She had reached an epiphany. Suddenly, the words that once rang so hollow to her — “Forgive us our trespasses as we forgive those who trespass against us” — now resounded in her soul as the chimes of salvation. She realized that hating the killers was preventing her from trusting God.

“Their minds had been infected with the evil that had spread across the country, but their souls weren’t evil,” Immaculee writes. “Despite their atrocities, they were children of God … I knew that I couldn’t ask God to love me if I were unwilling to love His children.”

At that moment, she prayed for the killers, that their sins be forgiven and that they recognize the horrific error of their ways before their time on Earth expired. She held onto her father’s rosary beads and again heard God’s voice: “Forgive them; they know not what they do.”

She had found peace. She writes how Jesus spoke to her heart: “Trust in Me, and know that I will never leave you. Trust in me, and have no more fear.” And, indeed, each time the killers came to ransack the house, miraculously, they never discovered the women.

By the time she emerged from the bathroom, her weight had gone from 115 pounds to 65 pounds. She and the other women fled to a nearby French military camp for protection. There, she learned in brutal detail the fates of her family members.

Immaculee set about rebuilding her life as the violence in Rwanda ended. She has established a foundation, the Left to Tell Charitable Fund to aid victims of the genocide. She lives in the United States now and is married with two children.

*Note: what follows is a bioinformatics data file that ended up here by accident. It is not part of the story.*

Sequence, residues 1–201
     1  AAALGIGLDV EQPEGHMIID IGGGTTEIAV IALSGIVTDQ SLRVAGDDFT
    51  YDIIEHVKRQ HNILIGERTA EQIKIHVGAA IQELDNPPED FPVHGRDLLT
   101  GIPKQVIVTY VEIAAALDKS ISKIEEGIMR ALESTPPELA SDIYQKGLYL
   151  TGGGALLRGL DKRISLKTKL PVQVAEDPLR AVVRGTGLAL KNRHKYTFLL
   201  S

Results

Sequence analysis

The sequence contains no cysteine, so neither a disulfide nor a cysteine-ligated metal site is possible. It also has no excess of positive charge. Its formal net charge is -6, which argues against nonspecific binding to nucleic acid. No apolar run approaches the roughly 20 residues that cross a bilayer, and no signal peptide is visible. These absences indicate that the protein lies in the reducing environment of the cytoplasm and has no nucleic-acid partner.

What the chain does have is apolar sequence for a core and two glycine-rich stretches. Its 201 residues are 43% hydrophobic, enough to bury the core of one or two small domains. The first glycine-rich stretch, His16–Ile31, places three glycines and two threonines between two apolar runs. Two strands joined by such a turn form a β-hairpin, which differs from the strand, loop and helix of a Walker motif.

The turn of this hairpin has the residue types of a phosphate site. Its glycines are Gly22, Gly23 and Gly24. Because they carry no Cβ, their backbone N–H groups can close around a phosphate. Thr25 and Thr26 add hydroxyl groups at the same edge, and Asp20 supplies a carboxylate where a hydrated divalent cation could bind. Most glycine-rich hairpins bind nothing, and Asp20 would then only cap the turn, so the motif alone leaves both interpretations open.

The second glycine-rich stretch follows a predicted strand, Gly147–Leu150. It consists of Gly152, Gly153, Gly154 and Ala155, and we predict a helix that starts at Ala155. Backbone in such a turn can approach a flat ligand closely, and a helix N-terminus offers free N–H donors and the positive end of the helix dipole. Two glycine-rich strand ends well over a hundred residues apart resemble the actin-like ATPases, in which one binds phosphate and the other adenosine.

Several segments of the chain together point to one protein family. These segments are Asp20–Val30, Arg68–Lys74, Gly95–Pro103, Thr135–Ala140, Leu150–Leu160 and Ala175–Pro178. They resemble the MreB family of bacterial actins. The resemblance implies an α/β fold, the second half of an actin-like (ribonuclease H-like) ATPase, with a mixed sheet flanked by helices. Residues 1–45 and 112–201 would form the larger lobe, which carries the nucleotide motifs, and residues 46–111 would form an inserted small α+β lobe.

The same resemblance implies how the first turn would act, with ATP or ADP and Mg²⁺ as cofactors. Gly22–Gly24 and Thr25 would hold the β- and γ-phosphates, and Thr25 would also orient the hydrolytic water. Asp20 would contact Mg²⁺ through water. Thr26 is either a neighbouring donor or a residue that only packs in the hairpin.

‘Hunger for God’
It’s no accident that when Immaculee was a child, her father took her to Kibeho several times to sit in with the visionaries during Our Lady’s apparitions. Immaculee was raised knowing that Mary is real; she is with us; she is our powerful intercessor; she brings healing; and she draws us closer to Christ.

“There has been so much violence — this country has been so traumatized,” says Fr. Leszek. “We still see terrible wounds that affect people, especially the youth. But we also see a real hunger for God.”

The visionary Nathalie, when interviewed by Fr. Leszek, said that Our Lady told her to approach her with trust and to “love what is from heaven more than that of the earth because earthly things pass quickly. In your life, you will have a lot of suffering.”

Nathalie hastened to add that Our Lady’s message is “for the whole world. It is not only for Rwanda.”